Home Monitoring of the Diabetic Dog with a Glucometer


Diabetes mellitus (sugar diabetes) is a common disease in dogs. Routine monitoring of blood is easily performed on your dog with a blood glucometer either at the veterinary hospital or at home. This article will teach you how to preform blood glucose (and a glucose curve) monitoring at home.

Similar to people, many dogs with diabetes need daily injections of insulin. However, difficulty often arises in determining the optimal type, dosage, and frequency of insulin administration. As with diabetic people, each dog is a little different in what they require and how they respond to treatment.

For example, inadequate dosing can lead to poorly controlled diabetes. On the other hand, excessive doses can cause weakness, coma and even death.

One of the best ways to determine the optimal insulin dose in a pet is the glucose curve. In this test, a series of blood glucose (sugar) tests is done over a 24-hour period. The results of this test facilitate proper insulin dosage and time of insulin administration.

Blood glucose can be measured at your vet or it is possible to perform this test at home. On occasion, a spot check which is a single blood glucose measurement is done but more commonly, a “glucose curve” is recommended.

Why do Home Monitoring with a Glucometer on Your Dog?

Dogs are often stressed when they come to the veterinary hospital. Sometimes the stress will prevent dogs from eating and artificially increase blood glucose levels.

Home monitoring decreases stress and also saves the pet owner the expense of the testing at the vet clinic. However the time your vet takes to interpret the results and communicate changes is worthy of some professional charge.

What is a Glucometer?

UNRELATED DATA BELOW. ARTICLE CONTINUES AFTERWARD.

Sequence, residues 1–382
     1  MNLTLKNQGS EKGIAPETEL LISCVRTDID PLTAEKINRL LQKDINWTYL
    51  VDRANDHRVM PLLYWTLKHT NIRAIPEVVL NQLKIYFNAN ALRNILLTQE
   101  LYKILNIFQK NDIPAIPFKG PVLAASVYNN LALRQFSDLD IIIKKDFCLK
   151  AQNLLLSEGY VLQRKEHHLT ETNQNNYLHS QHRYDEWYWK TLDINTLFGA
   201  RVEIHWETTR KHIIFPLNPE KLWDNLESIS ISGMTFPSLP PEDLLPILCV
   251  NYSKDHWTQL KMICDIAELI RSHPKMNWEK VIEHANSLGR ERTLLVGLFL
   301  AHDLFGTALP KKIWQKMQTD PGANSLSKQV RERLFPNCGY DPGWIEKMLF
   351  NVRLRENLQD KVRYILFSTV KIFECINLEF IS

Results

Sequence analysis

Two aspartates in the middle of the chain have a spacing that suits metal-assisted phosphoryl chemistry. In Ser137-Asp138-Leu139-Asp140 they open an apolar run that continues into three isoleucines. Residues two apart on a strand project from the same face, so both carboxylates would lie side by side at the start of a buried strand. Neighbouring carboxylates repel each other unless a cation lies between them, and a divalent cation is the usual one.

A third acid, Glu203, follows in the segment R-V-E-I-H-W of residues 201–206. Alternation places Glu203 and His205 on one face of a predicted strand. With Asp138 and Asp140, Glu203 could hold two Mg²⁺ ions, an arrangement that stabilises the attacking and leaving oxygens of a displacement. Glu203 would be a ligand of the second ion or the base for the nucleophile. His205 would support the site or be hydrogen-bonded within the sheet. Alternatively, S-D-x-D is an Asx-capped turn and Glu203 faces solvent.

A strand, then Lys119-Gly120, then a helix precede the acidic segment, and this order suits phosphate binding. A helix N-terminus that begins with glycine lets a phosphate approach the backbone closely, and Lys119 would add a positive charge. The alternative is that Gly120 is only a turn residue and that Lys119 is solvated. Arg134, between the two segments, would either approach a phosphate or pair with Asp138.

A blood glucometer is a little device that measures blood glucose levels. They are commonly used in people with diabetes and are being used with increased frequency to monitor dogs at home.

What Kind of Glucometer Should You Get for Your Dog?

There are many different brands of glucometers marketed for humans however they appear to have varying amounts of accuracy in dogs. For example, a recent test revealed an average of 180 mg/dl difference between the human and veterinary machine. In general, it appears that human glucometers read 10% to 15% lower on dog blood than they do on human blood. Every machine can be a little different.

Most glucometers come with instructions, the meter, a control solution for calibration method, lancets, and glucose sticks for the meter to read.

The machine that reads most accurately for dogs and is recommended by veterinary specialist most often is the AlphaTrak, Ascensia Elite, or the One Touch Ultra. The AlphaTrak is preferred. Even these machines, which tend to be the most accurate of the machines on dogs, tend have a 10 to 15% variance with blood run on a more sophisticated chemistry analyzer.

If a human machine is used, it is recommended to determine the accuracy of the machine by your vet preforming concurrent measurements on your machine and their lab machine to determine the difference. Several readings are recommended, ideally at normal, high and low ranges.

How Do You Use the Lancets on Dogs?

Blood lancets are the little needle devices that prick the skin causing bleeding that allows us to obtain a blood sample. The lancet is used to make a small puncture. In people, they call this puncture a finger stick as the lancets are shaped to be used on human fingers.

Blood lancets are generally disposable. Most dog owners will use them a couple times before disposal. Some glucometers come with a lancing device, generally shaped like a pen, that allows you to insert the lancet and with the push of a button inserts the lancet into the skin. The sudden motion and click scares some dogs. Some models of lancing devices have a silent action and allows up to 6 depth settings (Softclix lancing device). The depth settings can be helpful. For example, some tissues such as the elbow callus may require slightly more depth to draw blood.

Many dog owners use the lancet manually. Just twist off the cap to expose the needle. As an alternative to a lancet, a syringe needle can be used.

Some dog owners need to use different size lancets, different needle sizes or adjust their lancing device to a deeper depth to obtain an adequate sized blood sample to obtain a glucometer reading.


Pg 1 of 3